The end of term is looming. Some of the kids have been inspired by the star teachers, but the pressure is on to reach the rest.
Robert Winston has a hands-on lesson he's sure will get the kids interested in science: he wants two of the boys to supply a sperm sample so he can teach the kids about fertility. And when he sets up Dream School's very own A&E, Chloe is so inspired that she joins an operating team at St Mary's Hospital, Paddington.
Meanwhile, human rights barrister Cherie Blair is cross-examined about her working-class origins, so she uses her rise to success to show to the class that anything is possible.
In Jamie's home economics course fish is on the menu and he's keeping an eye out for any budding chefs. Jenny is so enthusiastic that Jamie offers her work experience at one of his restaurants.
After a bumpy start, Simon Callow hopes that walking on to the stage of the Globe theatre will inspire the teenagers to reveal their previously hidden acting talent. He's gratified to find that Henry and Connor display real potential.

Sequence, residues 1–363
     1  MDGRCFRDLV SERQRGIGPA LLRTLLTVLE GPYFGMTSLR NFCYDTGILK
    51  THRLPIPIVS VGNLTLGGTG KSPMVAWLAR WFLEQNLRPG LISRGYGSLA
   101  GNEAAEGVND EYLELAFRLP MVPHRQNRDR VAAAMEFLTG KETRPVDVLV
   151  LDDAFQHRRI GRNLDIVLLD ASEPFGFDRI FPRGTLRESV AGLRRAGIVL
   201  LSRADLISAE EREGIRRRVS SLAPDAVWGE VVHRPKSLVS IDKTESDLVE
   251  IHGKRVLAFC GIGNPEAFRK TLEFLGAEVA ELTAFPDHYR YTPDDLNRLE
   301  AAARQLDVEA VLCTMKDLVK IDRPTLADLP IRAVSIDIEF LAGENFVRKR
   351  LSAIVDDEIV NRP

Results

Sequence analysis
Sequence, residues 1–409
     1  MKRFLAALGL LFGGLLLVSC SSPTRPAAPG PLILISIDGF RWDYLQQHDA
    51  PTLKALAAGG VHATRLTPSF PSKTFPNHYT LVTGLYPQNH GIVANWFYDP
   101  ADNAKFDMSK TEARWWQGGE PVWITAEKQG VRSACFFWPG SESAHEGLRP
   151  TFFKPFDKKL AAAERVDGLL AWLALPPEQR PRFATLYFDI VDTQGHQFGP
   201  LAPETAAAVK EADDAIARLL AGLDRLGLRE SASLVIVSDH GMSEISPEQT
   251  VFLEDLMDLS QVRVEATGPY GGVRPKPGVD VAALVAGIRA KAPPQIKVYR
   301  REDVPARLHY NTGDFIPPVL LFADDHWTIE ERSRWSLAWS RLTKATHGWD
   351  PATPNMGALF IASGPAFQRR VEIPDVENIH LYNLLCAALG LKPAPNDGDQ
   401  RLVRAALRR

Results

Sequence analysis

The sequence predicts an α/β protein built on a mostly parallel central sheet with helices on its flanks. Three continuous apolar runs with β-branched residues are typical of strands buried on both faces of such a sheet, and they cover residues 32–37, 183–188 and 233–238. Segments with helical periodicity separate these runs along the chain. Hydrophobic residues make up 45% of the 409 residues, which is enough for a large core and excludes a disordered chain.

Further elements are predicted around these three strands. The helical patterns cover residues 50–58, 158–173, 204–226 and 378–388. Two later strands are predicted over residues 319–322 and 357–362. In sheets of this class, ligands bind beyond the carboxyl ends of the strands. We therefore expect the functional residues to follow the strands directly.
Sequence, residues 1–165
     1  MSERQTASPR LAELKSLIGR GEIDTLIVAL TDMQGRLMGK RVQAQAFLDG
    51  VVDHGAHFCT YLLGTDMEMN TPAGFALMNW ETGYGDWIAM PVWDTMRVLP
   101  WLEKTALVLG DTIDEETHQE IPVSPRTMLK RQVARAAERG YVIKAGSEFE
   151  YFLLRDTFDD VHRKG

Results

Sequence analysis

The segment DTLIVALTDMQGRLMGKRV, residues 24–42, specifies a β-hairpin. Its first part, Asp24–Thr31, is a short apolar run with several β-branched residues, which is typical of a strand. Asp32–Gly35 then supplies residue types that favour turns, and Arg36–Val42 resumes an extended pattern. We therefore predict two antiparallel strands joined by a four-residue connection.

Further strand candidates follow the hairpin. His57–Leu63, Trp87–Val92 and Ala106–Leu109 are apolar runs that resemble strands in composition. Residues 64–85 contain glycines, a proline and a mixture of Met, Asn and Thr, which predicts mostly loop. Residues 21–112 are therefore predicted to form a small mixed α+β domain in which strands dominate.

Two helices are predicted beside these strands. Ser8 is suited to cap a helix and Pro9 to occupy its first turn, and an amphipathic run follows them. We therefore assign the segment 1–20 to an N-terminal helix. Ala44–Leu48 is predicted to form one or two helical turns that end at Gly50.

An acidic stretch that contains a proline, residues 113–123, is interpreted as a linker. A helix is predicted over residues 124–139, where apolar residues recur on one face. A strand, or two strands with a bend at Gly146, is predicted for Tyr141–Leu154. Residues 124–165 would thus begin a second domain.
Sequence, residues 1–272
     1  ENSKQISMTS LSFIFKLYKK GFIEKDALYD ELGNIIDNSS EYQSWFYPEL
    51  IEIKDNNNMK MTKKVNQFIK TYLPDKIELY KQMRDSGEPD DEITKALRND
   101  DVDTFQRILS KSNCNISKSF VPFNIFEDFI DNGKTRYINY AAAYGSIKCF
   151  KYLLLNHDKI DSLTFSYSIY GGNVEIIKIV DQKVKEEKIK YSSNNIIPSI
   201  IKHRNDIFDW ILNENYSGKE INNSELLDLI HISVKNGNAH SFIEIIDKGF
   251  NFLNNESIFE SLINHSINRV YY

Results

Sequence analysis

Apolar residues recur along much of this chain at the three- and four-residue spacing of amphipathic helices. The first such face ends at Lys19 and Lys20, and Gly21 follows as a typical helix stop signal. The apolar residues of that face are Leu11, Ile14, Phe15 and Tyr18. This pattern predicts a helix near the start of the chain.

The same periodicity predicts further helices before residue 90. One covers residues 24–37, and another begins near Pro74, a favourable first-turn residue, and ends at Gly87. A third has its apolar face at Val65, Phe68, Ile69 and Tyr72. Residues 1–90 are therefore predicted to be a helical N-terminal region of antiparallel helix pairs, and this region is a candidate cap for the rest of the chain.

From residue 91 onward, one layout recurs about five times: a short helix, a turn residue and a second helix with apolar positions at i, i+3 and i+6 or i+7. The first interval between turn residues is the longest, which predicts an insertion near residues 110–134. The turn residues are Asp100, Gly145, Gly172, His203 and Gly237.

And Olympic Gold medallist Daley Thompson believes in chucking the kids in at the deep end, quite literally: he's teaching some of the class to dive before they can even swim...
As school term draws to a close the pressure is on to get the teenagers back into education and attention turns to the hardest-to-reach kids.
In a last-ditch effort, Jamie tries three very different approaches. First, formidable dinner lady Nora Sands, of School Dinners fame, is appalled by their lack of punctuality and messiness, and tells Jamie she thinks some are spoilt.
Next, explorer David Hempleman-Adams leads an expedition up Snowdon in Wales. The experience is a revelation to a bunch of mostly urban youngsters who often find climbing out of bed in the morning a challenge.
And Human Rights lawyer Cherie Blair brings a reformed killer into class, giving Angelique a chance to take charge. She brings order to a lively debate on the rights of prisoners, but can she keep her own moods under control?